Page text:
How much does a freelancer charge for their services? Do you charge by the hour? Do you charge a given rate for a specific task, no matter it's complexity or length? How much are YOU worth?
Let me know when you can answer those with quantifiable, reasoned evidence. I'm going to steal your research and pretend it makes sense to me. In the meantime, I'm going to assume we've both set our prices in a way we're comfortable with, and it's a liveable wage. If you've been at your business for awhile, I genuinely hope it's more than just liveable. It's a tough market out there for creative folks, and those who make it deserve their share of the bounty. But if you're in between, or even an old hand having a tough stretch, making your business match the prices can be tougher than just opening your email in the morning and hand picking your favorite clients, desperate for your sage advice and experience.
Give a Penny, Take a Penny
Sometimes, on a whim of fate, clients are bountiful and conduct repeat business that you can count on going forward. Often, though, unless you're in high demand as an expert of your community, there are going to be dry spells. During these times, you may encounter clients who would love to leverage your skills... for a discount. Maybe you went to them, offering a website redesign. They're on board, but because it's not such and urgent manner that they'd considered it before you came along... they don't think it's worth what you usually charge. Or they did, in fact, come to you. They heard about a project you did for a mutual friend at an earlier, cheaper price, or a discount.
Especially when the luxury of client overflow isn't present, these jobs can be very tempting. It's better making a half rate on a project than sitting on your hands, bemoaning the lack of opportunity available to you, right? That really depends on a lot of factors.
Not Every Client's a Keeper
Lesson #1 of freelancing: the less a client wants to pay you, the more work they're going to expect. It takes many forms, from twenty rounds of needlessly redundant edits to whole new goals and requirements appearing out of thin air. Sometimes budget is a genuine concern, but in those cases, you usually know that going in. It's the hagglers and deal cutters that will usually land you in a world of late payments, one-way communication, and low quality work. The prevalence of this problem is why freelancers the world over are always trying to draft a better contract and insisting on up to half the project's payment up front.
What Goes Around, Comes Around
This one can be doubly nasty. Kind of like giving a mouse a cookie, what seems like a pragmatic business decision or kind act for a family member can really come back to bite you. Not only can someone who received your work at a discount, or pro bono, often come back looking for more of the same; they often can't resist spreading the news about such an amazing service they got for so little. A small business owner with the best intentions can land you with a wait list of clients with little to no budget who all expect top tier treatment as word-of-mouth referrals. Your Aunt Bethany has been giving you a cold shoulder every Thanksgiving since you helped re-brand her brother's business, but haven't had the time to devote to her start-up's needs since then. When debating the merits of taking on a special project, weigh both the present and the future ramifications.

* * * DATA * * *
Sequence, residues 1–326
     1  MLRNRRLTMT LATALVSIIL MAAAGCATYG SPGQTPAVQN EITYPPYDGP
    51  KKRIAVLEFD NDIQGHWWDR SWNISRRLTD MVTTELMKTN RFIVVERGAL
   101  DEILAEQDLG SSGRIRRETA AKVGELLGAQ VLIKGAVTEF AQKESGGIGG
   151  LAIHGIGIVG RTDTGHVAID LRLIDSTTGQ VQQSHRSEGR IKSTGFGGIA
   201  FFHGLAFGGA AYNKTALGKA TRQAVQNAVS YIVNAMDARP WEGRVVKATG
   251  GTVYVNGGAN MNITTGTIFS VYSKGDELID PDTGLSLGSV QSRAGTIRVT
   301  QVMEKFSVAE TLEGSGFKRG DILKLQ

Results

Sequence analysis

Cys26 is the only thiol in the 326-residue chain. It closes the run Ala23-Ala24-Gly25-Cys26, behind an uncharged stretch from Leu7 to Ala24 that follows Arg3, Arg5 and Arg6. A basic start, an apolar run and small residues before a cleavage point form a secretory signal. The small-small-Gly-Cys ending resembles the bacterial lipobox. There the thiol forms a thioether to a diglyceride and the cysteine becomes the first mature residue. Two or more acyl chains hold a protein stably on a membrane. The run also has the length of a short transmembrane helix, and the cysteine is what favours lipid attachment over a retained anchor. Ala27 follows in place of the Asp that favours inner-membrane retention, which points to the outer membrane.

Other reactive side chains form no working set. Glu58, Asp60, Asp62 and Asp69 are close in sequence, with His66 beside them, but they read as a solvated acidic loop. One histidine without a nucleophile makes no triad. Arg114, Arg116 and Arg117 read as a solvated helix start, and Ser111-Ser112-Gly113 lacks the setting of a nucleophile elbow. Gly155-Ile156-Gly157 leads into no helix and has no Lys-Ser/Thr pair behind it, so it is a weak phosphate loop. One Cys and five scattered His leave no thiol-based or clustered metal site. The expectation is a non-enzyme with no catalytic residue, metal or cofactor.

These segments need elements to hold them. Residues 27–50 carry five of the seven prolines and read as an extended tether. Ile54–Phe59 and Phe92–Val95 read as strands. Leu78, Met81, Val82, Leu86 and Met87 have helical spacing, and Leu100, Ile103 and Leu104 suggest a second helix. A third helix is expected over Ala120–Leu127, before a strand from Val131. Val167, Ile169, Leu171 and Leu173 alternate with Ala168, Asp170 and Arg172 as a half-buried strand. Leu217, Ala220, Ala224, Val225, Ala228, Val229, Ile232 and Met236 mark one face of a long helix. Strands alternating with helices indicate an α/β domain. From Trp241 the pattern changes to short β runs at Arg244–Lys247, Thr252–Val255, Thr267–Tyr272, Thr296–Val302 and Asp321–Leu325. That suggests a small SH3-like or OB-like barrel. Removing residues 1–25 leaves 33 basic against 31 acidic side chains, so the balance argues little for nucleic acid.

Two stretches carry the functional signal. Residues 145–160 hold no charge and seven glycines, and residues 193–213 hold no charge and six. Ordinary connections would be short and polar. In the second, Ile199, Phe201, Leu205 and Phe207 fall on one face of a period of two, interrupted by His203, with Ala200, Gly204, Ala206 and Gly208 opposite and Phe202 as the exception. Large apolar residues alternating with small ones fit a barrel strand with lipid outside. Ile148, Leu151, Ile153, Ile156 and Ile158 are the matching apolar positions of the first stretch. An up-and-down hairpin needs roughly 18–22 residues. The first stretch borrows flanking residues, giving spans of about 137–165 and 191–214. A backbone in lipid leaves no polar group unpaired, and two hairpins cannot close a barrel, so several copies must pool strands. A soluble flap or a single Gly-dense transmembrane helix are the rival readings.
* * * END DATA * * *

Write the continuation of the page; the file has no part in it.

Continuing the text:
You Are What You Sell
I've talked about plenty of boogeymen waiting to pray on your services, but don't forget that you shouldn't sell yourself short either! Sometimes this means sticking to your guns and letting a client opportunity pass by if they can't pay the bill. Often, a client will want to get their feet wet in an industry they know nothing about, and then upgrade to 'higher quality' services once they are more comfortable. A risk in lowering your prices is becoming that initial stepping stone, that gets passed up as soon as the client is ready to drop money on a 'real professional'. By the same token, a business may not be able to afford you now, but that doesn't mean they won't be back later. If you set the bar for their experience of professionalism and price, you may be their go-to recommendation for others, and their ideal goal to do business with when the rubber meets the road. Sometimes making a good impression, leaving your business card, and then actively moving on to find other clients is exactly the right move, even in a work drought.
Now, all of this isn't to discourage you from ever taking on a project for less than your standard rate. Some folks I've talked to refuse to do work for anyone (including family and friends) at any kind of discount. I can't say, based on their experiences, that they're universally wrong. As long as you're confident that you're not biting off more than you can chew, though, I enjoy taking on extra projects and challenges. I am as judicious as possible when I take these projects on: I vet clients for people I know I will enjoy working on, usually have a goal in taking on the project (like learning a new technology), and explicitly state that it's a special situation. Additional business or referral business is more than welcome, but it will be at full business terms.
Plenty of fun and unexpected opportunities can pop up when you take on 'special' projects, but always exercise caution when doing so. If you've been burned before, or don't trust yourself to pick the right winners, there's no shame in saying no. That's an opportunity all its own.